County Executive’s Corner: Turning the Financial Corner – Promises Kept

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By Rockland County Executive Ed Day

 

When I took office less than three years ago, Rockland’s bonds were rated just one step above junk as the extent of the county’s financial meltdown became all too apparent.

We were $138 million in the hole and it investors were rightly reluctant to take a risk lending us money.

We had to pay a premium in the form of higher interest rates to borrow funds to pay for capital projects.

I’m happy to say we have reversed that trend.

Last week, Rockland County received its fourth credit-rating upgrade since I took office. Our bonds are now BBB+ with a positive outlook. That’s just one notch below an “A” rank.

Good news for the taxpayer: we can get a better interest rate to finance our capital projects, which means a lower cost.

The credit rating agency predicted continued improvements to the county’s finances and said there was a one-in-three chance that it will make further upgrades in the next year.

By assigning Rockland a “positive outlook” the credit analysts also affirmed that the county is on the right track financially.

We already know that.

We have halted the endless tax-and-spend cycle that helped turn Rockland into the most fiscally stressed municipality in New York.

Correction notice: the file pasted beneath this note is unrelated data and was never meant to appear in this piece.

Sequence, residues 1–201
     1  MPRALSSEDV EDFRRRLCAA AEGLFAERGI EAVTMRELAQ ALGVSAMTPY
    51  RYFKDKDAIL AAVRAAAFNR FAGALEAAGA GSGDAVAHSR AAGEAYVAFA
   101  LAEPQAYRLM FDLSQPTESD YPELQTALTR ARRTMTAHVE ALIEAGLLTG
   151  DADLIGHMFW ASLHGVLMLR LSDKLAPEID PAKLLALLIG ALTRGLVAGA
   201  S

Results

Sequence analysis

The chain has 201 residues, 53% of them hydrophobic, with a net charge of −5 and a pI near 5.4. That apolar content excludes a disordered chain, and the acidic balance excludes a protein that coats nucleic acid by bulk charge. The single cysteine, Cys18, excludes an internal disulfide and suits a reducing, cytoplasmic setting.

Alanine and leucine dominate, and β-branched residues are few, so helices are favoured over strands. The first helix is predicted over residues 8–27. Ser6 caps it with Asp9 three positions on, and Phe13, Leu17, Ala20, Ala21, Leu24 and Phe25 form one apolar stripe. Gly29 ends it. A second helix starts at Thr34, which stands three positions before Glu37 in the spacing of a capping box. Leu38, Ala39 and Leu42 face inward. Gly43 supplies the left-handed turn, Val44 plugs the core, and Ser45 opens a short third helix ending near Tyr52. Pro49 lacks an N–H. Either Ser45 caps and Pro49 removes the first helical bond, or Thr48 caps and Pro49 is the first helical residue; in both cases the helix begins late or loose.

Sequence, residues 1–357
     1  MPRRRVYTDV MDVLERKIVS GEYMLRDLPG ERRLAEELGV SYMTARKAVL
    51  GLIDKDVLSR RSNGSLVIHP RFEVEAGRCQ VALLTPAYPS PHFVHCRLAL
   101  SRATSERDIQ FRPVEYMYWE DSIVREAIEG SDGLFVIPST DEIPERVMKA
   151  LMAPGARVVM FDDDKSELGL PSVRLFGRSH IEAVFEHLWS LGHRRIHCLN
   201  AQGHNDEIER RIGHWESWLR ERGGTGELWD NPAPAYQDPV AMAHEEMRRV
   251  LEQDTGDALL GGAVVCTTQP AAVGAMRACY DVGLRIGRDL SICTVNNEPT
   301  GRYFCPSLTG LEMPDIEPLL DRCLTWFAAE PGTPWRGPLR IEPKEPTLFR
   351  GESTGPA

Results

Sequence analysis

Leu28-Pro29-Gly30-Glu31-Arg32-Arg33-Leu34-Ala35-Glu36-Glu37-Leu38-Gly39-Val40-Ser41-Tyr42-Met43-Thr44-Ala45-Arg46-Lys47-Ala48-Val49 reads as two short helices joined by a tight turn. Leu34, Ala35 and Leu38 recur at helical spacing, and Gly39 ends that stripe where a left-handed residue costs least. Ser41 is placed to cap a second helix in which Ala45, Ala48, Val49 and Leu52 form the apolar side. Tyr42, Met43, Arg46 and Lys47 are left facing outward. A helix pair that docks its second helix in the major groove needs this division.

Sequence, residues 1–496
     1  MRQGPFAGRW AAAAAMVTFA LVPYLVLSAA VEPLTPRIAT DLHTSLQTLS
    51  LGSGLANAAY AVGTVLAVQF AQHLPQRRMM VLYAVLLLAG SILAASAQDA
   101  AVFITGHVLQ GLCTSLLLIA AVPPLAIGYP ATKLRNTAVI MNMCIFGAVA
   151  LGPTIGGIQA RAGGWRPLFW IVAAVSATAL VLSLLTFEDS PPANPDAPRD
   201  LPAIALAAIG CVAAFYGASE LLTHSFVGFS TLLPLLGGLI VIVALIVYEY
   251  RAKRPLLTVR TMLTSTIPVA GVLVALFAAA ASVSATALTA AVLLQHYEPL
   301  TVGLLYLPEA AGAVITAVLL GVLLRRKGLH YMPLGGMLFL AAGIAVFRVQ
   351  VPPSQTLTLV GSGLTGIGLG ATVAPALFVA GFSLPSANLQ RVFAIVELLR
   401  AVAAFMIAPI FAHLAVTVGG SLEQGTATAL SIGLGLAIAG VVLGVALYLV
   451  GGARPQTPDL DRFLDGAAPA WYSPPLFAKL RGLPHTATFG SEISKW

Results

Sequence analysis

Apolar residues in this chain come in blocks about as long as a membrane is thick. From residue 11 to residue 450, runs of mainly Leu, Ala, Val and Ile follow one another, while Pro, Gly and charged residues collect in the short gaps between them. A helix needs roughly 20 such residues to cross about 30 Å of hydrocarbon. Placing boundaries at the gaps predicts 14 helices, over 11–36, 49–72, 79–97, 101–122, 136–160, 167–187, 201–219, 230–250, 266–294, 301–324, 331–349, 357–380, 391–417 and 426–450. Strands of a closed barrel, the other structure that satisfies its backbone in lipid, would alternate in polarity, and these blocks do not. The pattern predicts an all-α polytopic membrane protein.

That cycle burdened taxpayers with increases of 30 percent, 18 percent and 11 percent in the three years before I took office and shook the county to its core.

Now I have presented a budget for 2017 that cuts spending – again – and stays within the 1.17 percent state property tax cap.

We have whittled our deficit down to less than $17 million. Even more amazingly, we are paying down the deficit bond out of our operating expenses, taking further steps to pay what we owe with income generated by conservative budgeting practices.

The credit agency found many good reasons to be positive about Rockland’s economic future.

The closing of the Summit Park nursing home was one of the most difficult and painful decisions I have had to make as County Executive.

But the credit analysts reaffirmed what we already knew: financially it was the right decision. Summit Park was losing more than $1 million every month – leaving taxpayers on the hook to make up the difference.

In its report, the agency noted that closure of Summit Park is leading to greater stability in county finances.

And the credit analysts also stated a fact that has been inexplicably difficult for some of our county legislators to understand: the sale of the Sain Building in 2017 “would further improve the county’s financial position.”

We’re still hopeful about the sale of the county-owned Sain Building in New City as our legislators work on a local law that would allow the sole company that has bid on it to purchase the property.

The financial experts pointed to a widespread improvement in our local economy, which we have encouraged by our economic development efforts.

“We consider the county’s economy very strong,” they wrote in their report.

They predicted further growth when the new Tappan Zee Bridge opens in 2018.

These signs point to great days ahead for Rockland: lower taxes, less government spending, financially responsible budget and economic growth for our county.

Another promise kept.

 

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